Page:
[Marxism] Black Hawk

Louis Proyect lnp3 at panix.com
Thu Feb 2 14:06:05 MST 2006


Bookforum, Feb.-Mar 2006

John Mack Faragher on Kerry A. Trask’s Black Hawk: The Battle for the Heart 
of America and Stuart Banner’s How the Indians Lost Their Land: Law and 
Power on the Frontier

In early April 1832, Black Hawk's band of Sauks—some two thousand men, 
women, and children, including several hundred well-armed warriors—crossed 
the Mississippi near the mouth of the Iowa River and began making their way 
north toward Saukenuk, their traditional summer village, at the junction of 
the Mississippi and Rock rivers (now within the city limits of Rock Island, 
Illinois). A startled American settler encountered them along the river 
road. They had come in peace to reclaim their village, the Sauks told him, 
"but if the Whites want War they shall have it."

That was precisely what many Americans wanted. Historian Kerry A. Trask 
makes this clear in Black Hawk: The Battle for the Heart of America, both a 
biography of the Sauk leader (Makataimeshekiakiak—"Black Sparrow Hawk"—in 
the Sauk language) and a history of the war that took his name, a war that 
was nothing short of an instance of American genocide. Trask quotes General 
Henry Atkinson, commander of a small force of US Army troops sent to patrol 
the northern Illinois frontier: "I will treat them like dogs," he sneered. 
"If Black Hawk's band strikes one white man[,] in a short time they will 
cease to exist!" Atkinson was blustering—he was unwilling to take on such a 
large force—but his rhetoric was commonplace. Indian hating, Trask 
understands, was part of the very character of American settler society. 
Atkinson wrote Illinois governor John Reynolds for assistance, warning that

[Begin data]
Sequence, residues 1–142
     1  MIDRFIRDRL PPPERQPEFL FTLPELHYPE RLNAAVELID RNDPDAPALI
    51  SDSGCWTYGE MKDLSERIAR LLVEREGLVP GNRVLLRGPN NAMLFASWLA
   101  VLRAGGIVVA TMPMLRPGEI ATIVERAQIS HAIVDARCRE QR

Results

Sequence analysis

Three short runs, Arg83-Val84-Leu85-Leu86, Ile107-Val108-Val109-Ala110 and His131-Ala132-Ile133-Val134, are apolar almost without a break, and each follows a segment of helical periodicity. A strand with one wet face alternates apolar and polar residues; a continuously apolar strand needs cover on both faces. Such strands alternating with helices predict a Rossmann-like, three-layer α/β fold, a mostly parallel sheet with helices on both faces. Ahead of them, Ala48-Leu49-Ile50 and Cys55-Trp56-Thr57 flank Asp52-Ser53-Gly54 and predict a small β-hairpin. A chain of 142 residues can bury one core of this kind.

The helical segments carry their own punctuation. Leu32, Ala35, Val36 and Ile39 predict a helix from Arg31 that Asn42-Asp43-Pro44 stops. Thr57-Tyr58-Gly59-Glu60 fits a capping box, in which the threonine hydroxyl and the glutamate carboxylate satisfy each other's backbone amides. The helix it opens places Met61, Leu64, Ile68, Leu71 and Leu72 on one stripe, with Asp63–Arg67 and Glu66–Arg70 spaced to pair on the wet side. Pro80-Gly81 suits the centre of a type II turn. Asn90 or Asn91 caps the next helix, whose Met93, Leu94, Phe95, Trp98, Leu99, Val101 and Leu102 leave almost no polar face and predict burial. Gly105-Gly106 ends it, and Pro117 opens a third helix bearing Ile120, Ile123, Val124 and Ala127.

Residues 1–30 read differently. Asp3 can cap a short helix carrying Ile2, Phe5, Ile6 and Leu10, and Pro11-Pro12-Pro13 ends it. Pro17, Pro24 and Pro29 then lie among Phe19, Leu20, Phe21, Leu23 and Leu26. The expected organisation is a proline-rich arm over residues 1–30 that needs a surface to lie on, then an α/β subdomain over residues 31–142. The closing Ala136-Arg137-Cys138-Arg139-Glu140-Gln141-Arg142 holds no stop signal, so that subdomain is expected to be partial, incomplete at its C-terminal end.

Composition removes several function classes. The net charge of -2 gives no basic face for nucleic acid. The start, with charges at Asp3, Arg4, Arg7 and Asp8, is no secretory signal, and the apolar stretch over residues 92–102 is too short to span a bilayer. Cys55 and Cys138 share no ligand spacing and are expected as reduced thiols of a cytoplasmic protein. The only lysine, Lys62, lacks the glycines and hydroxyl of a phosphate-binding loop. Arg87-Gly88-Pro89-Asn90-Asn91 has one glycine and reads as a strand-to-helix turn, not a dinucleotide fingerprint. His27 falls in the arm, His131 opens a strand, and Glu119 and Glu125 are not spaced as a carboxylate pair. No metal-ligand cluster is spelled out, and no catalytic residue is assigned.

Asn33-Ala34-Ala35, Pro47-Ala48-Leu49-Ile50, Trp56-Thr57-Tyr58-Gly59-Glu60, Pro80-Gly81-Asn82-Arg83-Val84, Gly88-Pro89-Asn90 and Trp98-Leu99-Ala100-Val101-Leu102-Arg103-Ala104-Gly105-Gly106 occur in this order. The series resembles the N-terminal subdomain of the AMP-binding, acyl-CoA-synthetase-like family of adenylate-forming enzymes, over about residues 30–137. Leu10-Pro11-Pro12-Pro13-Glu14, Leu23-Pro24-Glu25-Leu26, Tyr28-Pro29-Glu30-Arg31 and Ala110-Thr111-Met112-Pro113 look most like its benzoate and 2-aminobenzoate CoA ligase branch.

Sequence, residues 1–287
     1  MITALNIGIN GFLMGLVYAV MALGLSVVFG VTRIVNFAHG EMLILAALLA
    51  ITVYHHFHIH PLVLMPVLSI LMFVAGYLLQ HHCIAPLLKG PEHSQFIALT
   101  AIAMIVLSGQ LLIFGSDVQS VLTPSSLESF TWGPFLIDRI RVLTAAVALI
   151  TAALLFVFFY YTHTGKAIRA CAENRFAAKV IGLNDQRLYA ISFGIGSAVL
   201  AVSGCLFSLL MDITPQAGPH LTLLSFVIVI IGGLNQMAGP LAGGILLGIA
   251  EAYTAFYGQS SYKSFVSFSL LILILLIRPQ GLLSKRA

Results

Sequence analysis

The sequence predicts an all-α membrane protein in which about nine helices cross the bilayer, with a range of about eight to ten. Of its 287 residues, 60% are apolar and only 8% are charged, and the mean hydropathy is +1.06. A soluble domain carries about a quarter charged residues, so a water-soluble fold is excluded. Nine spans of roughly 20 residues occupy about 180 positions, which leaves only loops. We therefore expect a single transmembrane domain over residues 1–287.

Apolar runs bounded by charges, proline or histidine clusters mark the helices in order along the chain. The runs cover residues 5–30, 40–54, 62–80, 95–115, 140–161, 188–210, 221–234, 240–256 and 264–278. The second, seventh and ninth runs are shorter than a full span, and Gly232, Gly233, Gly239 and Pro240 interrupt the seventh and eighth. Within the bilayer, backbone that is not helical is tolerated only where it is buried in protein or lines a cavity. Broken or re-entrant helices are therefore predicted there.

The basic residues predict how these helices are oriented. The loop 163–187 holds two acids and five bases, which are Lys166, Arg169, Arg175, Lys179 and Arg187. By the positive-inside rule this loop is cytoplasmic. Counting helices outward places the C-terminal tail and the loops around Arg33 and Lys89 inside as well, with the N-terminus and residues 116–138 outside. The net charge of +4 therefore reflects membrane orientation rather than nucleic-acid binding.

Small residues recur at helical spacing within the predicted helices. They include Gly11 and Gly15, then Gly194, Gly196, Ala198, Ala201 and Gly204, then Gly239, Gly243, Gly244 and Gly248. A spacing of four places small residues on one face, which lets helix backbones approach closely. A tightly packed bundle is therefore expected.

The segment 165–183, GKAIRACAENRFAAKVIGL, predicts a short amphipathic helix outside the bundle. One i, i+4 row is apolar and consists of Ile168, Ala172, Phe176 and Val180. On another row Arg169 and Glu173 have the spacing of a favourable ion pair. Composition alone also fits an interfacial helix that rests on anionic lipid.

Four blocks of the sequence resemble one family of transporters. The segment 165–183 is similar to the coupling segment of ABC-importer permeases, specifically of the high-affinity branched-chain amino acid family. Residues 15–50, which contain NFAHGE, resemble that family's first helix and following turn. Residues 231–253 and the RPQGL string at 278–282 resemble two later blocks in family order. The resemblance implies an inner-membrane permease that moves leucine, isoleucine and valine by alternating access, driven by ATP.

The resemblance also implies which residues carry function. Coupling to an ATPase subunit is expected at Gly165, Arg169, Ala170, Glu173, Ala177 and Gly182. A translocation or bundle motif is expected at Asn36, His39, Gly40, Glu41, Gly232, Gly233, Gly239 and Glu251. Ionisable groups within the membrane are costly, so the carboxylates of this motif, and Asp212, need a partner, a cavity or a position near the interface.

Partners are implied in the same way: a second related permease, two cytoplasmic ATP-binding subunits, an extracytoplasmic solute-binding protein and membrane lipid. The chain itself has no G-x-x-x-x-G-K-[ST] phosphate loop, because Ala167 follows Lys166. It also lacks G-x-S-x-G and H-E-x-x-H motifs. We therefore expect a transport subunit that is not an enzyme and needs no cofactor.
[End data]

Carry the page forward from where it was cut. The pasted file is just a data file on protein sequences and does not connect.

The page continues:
"the frontier is in great danger." Reynolds responded quickly. Facing 
reelection and sensing the political advantage of a quick and violent 
strike against a despised enemy, he called out the militia.

It was mid-May by the time several hundred disorderly volunteers, including 
a young captain named Abraham Lincoln, caught up with the Sauks along the 
Rock River. Thus far there had been no violence. Black Hawk had expected 
support from other tribes, possibly from the British in Canada as well, but 
none materialized. Now uncertain of his course and fearing for the safety 
of the women and children, he sent a delegation out to parley with the 
American officers under a flag of truce. Here was an opportunity to end the 
crisis. But eager for a fight, the Americans attacked, killing two of the 
Sauks. Believing himself (erroneously) to be greatly outnumbered, Black 
Hawk nevertheless thought he had no choice but to order his men to charge. 
It quickly turned into a rout. Confronted with fierce warriors, the 
undisciplined settlers panicked and fled in wild confusion. Soon Indians 
were raiding isolated settler cabins in the area, killing, scalping, taking 
captives, and terrorizing the entire region. There was an outcry for 
revenge. One editor urged Reynolds to "carry on a war of extermination 
until there shall be no Indian (with his scalp on) left in the northern 
part of Illinois." The modern term for extermination is genocide.

Like most violent conflicts between American settlers and Indians, the 
Black Hawk War was fought over land. There had been a long lead-up to this 
confrontation. The American position was that the Sauks had ceded their 
territory years before, in 1804, when General William Henry Harrison 
cajoled several minor chiefs to sign a treaty giving up all their lands 
east of the Mississippi, as well as some of their claims to the west, 
reportedly using whiskey to smooth the negotiations. Legitimate Sauk 
leaders protested as soon as they got news of the treaty, making it 
perfectly clear that as far as they were concerned it was null and void. 
The Americans ignored them.

full: http://www.bookforum.com/faragher.html

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